Resources > Museo ng Kasaysayang Pampulitika ng Pilipinas (Museum of Philippines Political History)
26 Mar 2017

Museo ng Kasaysayang Pampulitika ng Pilipinas (Museum of Philippines Political History)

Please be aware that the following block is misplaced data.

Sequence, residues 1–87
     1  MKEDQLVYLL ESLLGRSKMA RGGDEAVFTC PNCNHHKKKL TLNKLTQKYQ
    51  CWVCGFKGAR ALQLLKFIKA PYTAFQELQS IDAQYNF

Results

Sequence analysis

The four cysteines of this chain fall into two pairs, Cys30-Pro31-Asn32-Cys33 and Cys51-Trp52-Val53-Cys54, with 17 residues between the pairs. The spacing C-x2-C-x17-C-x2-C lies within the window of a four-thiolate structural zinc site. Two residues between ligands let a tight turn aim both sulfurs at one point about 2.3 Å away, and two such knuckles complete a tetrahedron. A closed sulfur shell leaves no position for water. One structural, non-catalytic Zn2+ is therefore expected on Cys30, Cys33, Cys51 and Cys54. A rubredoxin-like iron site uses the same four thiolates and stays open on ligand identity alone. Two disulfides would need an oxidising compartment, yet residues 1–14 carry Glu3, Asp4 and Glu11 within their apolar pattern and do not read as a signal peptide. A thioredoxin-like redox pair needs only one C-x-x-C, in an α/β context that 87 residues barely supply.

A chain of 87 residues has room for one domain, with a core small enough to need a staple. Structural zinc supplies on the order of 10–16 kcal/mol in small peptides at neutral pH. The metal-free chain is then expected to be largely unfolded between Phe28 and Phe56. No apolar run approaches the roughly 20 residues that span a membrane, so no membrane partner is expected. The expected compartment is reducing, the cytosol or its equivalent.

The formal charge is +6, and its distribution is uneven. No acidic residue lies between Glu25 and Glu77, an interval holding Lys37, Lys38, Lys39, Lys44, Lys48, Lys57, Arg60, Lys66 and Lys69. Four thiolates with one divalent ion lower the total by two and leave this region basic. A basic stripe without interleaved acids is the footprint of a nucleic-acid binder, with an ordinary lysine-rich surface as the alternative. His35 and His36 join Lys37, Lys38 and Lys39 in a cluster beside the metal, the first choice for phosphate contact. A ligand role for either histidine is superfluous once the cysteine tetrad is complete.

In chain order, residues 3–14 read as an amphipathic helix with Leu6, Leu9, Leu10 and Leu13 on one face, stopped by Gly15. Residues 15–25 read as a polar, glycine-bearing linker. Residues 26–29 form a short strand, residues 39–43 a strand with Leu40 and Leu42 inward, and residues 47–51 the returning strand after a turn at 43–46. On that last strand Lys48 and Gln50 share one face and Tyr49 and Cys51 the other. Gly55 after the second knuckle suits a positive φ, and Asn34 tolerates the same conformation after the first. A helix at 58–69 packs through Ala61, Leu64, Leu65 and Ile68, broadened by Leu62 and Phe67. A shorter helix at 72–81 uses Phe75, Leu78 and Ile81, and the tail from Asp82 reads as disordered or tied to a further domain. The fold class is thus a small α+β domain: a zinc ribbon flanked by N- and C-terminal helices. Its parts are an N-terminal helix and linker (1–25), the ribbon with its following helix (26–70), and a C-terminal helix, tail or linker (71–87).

Formerly located at the ground floor of the National Historical Commission of the Philippines (NHCP) in T. M. Kalaw Street, Manila, the Museo ng Kasaysayang Pampulitika ng Pilipinas (Museum of Philippine Political History) was inaugurated in 1995 and re-conceptualized two years later with the theme “The Filipino Struggle for Freedom.” The Museum thus traces the evolution of the Filipino nation-state and the emergence of its system of government and democratic traditions amid the backdrop of long struggles for independence. Miniature dioramas, theatrical backdrops, interactive terminals, and original artifacts recreate these periods, from the earliest communities to the Spanish and American colonial periods, through the Second World War until the present. Major events and figures in the country’s political history are highlighted in the process. The museum will now stand in a new home, the Casa Real in Malolos, Bulacan, whose old exhibit focused on the women of Malolos. With the opening of the Alberta Uitangcoy House as the Museo ng Kababaihan in Sto. Nino, Malolos in 2012, however, and the subsequent removal of artifacts owned by the Women of Malolos Foundation, Inc., the NHCP decided to close the remaining exhibits and transfer the Museum of Philippine Political History to Malolos, which was, after all, the seat of the first Philippine republican government. The Casa Real is a reproduction of the original structure built in 1580. Known by different names for different functions throughout its 434-year history (Ayuntamiento, Casa Tribunal del Pueblo, Casa Presidencia Municipal, Presidencia Municipal, Municipal Hall, Pamahalaang Bayan ng Malolos), the Casa Real also functioned as the seat of the Royal Treasury, National Printing Press, a hospital, a school, and was even used by the provincial branches of a telecommunications company, a bank, and the post office. The Casa Real was declared a National Shrine in 1965 (Executive Order No. 173). This became the occasion for the reconstruction of the structure following its original design. The then National Historical Institute took over the administration and maintenance of the shrine in August 1986 and has administered it since. The new, modernized Museo ng Kasaysayang Pampulitika ng Pilipinas thus stands on a site steeped in the country’s political history. Permanent collections: bladed weapons; framed photographs; Manunggul jar; campaign paraphernalia; Japanese Government Document of Surrender; Mickey Mouse money; stamps - Japanese occupation; Katana; interactive exhibits like augmented reality, West Philippine Sea, Charter Change, Huk Songs, Martial Law, Moro voices; Galleon reproduction; historical videos.

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